Review: Do you look like your dog?
Publisher: Briarpatch
Year: 2007
Tagline: Are you a Shih Tzu or a Shepherd? Play the game and find out!

Do you look like your dog cover

how we met

I found Do you look like your dog? at a thrift shop sitting on a shelf near a Ouija game. I bought both. The woman at checkout had a lot of questions for me, but none were regarding the Do you look like your dog? purchase. That was interesting only because I was certainly questioning myself more regarding the Do you look like your dog? purchase than about the Ouija purchase.

how it plays

Do you look like your dog? is a roll and move game with a familiar party game voting mechanic.

Woman and dog that look similar making a pawn

And it is gorgeous

Each player starts the game with 8 dog bones and 3 of each DOGS and OWNERS cards. As you move your pawn around the board, you will most often encounter one of two different spaces, detailed below.

Multiple bones with different color edges

The bones, used for voting

If you land on a DOG SQUARE you will see a picture of a dog, and the goal is to match that dog with an owner. Once any player lands on one of these squares then all players will draw an OWNERS card. They may then choose from amongst any OWNERS cards in their hand and place it on their dog bowl to represent it as their bid. Each player gets a brief moment to explain why they think their card is the best choice. Then all players use their bones to vote by placing their bone in the dog bowl of the player that they felt has the best OWNERS card to match the dog. You can’t vote for yourself.

OWNERS cards showing the close-up faces of various owners

Our heroes, the OWNERS

The other very similar space on the board is the OWNER SQUARE, and play is the same except you are drawing from the DOGS deck and voting on which DOGS card best matches that particular owner.

Sample four DOGS cards showing dog faces

Our heroes, the DOGS cards

In either case, once voting is complete the cards are returned to the bottom of their decks and the dog bones remain where they are.

There are occasions where you will get sent to the doghouse. The card sending you there will indicate which specific color doghouse you go to. Then each player chooses a DOGS card in their hand that most closely resembles the player that owns that doghouse (maybe you, maybe the lead player, maybe neither). Voting happens with the bones, as usual. This is the moment when, presumably, it gets personal.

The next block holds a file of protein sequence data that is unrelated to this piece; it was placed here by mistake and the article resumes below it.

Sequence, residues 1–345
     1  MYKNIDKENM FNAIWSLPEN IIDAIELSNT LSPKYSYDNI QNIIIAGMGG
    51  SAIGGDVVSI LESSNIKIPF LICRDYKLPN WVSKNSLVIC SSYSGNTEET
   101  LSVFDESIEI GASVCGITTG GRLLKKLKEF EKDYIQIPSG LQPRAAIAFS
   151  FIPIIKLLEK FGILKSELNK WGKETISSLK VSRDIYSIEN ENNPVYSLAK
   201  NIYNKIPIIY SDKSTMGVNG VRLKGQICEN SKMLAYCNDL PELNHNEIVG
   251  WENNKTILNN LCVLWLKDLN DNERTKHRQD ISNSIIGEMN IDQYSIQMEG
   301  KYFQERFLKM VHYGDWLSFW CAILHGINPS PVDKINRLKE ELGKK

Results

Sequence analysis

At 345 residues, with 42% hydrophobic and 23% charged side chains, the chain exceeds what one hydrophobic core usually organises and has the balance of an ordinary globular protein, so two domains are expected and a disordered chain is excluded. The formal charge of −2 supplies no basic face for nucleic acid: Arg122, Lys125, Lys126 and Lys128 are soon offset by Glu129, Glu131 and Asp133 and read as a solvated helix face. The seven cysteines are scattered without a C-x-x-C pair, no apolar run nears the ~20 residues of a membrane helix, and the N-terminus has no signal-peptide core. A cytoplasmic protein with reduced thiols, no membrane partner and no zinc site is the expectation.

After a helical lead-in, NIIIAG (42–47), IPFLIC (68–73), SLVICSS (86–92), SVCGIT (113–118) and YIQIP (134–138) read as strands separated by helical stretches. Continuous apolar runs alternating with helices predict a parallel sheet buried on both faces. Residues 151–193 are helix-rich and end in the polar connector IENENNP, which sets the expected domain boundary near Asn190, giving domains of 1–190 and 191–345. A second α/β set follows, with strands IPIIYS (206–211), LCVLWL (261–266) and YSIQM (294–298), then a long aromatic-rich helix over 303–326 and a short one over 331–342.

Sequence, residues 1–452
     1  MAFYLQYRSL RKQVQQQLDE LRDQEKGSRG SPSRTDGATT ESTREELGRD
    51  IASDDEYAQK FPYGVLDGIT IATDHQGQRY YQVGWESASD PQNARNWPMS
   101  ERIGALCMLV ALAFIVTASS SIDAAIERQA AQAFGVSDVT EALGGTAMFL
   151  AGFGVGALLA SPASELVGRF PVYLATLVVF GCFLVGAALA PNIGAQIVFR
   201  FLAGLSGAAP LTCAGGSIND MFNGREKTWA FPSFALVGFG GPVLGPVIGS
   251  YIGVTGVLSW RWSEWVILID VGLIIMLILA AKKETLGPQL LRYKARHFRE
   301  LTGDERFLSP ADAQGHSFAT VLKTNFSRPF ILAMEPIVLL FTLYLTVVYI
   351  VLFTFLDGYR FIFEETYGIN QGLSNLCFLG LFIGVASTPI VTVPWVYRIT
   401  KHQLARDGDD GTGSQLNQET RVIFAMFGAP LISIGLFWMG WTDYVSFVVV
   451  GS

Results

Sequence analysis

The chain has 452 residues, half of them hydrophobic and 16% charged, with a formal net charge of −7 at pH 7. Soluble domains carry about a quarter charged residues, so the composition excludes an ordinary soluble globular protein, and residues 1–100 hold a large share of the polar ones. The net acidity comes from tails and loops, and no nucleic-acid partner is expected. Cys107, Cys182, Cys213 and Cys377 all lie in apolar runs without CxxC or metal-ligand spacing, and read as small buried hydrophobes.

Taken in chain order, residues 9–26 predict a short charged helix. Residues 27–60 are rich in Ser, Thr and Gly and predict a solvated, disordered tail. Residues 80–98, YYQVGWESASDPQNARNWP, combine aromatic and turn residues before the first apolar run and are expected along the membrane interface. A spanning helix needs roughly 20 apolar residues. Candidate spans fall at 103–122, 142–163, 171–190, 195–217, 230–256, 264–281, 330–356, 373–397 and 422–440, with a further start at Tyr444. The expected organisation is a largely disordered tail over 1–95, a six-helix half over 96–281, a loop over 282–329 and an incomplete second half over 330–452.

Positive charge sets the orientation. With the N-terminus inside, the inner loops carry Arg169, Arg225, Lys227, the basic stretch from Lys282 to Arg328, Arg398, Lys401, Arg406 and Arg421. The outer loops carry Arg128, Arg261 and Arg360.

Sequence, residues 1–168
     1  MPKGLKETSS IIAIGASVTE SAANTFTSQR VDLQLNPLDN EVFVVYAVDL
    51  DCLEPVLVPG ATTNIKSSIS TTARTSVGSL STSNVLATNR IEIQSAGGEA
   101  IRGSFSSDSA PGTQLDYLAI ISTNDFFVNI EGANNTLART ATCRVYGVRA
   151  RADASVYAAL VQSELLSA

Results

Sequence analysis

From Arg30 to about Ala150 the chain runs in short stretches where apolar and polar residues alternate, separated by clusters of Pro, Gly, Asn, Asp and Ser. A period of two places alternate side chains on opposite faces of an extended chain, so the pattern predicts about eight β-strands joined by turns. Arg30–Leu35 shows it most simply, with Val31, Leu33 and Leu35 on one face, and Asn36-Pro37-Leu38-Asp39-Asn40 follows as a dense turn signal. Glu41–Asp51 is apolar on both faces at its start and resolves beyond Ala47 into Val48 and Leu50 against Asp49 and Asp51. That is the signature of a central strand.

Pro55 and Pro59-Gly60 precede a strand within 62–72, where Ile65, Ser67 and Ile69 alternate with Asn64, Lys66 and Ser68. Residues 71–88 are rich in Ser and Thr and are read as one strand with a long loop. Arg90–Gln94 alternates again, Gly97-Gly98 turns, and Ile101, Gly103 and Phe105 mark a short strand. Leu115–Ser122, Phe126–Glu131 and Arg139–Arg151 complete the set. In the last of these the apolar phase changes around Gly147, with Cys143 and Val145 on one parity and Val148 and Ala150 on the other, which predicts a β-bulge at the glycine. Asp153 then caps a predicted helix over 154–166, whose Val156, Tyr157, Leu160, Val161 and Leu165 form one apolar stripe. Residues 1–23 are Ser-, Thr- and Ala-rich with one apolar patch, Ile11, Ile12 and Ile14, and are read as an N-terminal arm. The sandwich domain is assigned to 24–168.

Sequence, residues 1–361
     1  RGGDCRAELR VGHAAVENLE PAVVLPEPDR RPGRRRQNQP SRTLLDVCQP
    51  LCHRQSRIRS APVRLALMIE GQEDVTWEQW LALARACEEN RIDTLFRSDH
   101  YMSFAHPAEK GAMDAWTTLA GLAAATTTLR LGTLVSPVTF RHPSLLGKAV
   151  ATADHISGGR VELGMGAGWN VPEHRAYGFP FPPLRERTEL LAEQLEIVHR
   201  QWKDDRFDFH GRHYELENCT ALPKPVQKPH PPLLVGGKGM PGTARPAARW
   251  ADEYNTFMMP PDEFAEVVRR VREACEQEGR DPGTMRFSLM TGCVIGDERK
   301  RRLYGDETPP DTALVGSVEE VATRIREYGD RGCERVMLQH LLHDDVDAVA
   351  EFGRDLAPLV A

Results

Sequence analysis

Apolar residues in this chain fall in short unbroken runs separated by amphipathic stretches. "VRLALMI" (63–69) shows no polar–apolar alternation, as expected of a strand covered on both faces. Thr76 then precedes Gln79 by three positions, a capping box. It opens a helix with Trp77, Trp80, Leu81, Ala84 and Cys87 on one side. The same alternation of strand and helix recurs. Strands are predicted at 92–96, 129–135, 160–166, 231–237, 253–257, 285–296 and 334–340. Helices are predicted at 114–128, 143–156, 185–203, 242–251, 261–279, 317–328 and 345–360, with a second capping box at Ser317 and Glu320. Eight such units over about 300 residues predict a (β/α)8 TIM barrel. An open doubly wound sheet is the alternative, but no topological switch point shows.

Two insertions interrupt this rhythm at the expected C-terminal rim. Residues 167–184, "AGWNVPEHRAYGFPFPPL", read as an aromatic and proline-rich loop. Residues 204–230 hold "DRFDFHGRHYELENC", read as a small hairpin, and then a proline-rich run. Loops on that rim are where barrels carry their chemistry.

Do you look like your dog game board

Doghouses at the corners, and a mess in between

The goal of Do you look like your dog? is to collect 7 bones at your doghouse and then return to your doghouse. Then you win!

how it went

Oh how this game is broken, let me count the ways.

Overhead shot of play

Our gameplay

Each player has 8 dog bones in their color to begin the game and vote throughout play. This is not nearly enough, and the game encourages you to steal bones (by landing on another player’s doghouse in their absence) in order to keep play going. This is insufferable.

The game can be played with two to four players. With two or four players, ties happen. The game does not address ties, but I suppose they don’t matter much since you are just out to collect dog bones. But this means you are robbed of even a micro-win at times.

The DOGS cards and OWNERS cards are not so blatantly paired as the box cover or components would have you believe. But I think the game maybe went too vanilla with these cards. No one really fits together, no one lends themselves to much of a back story, no one sticks out or plays the part of the ridiculous card that always wins. This forces creativity in what story you come up with, which is nice, but the game also has few enough cards that we had several repeats in our hands during play, and the magic was lost.

Woman in white sweater card and dog with long white hair card

Sample storytelling opportunity: that sweater is obviously made from the hair of that dog

Perhaps most importantly, the game in no way ever once addresses the question “Do you look like your dog?” I am on my third basset hound and really wanted to get to the heart of this question. Occasionally it will broach the subject of “Which random dog do you most look like?” but that’s it. And your friends can only respond with what’s in their hands, so it doesn’t really count. (Also there’s no basset hounds in the deck)

Woman winking with tongue sticking out holding pug with one bad eye and tongue sticking out

The amazing picture I got back when proposing the question to my sister: Do you look like your dog?

Not everything about this game is terrible. Do you look like your dog? is extremely photogenic and I enjoyed snapping photos of it. The pawns are straight out of a Christopher Guest movie. We told some sordid tales during play. We secretly designed matching human / dog outfits in our minds. Then we rejected those early designs and envisioned more.

play or pass?

Pass. We really did try. We made up crazy backstories. We invented relationships out of thin air. We made it personal. We made it fantastical. We created heroes and villains. But this game is terrible.

FUN FACT: for those of you that are unfamiliar with the podcast Flip the Table, you should definitely check it out. But also the podcast is a big fan of the wonderful game Heartthrob. This led a friend of the podcast to create a version of Heartthrob dedicated to dogs called Barkthrob, where you determine which of three dogs your friends will prefer as you slowly learn more and more (good and bad) about the dogs. If you find Do you look like your dog? at thrift and it is not a good fit for your group, it is a good option to create Barkthrob – a better game – using the DOGS cards.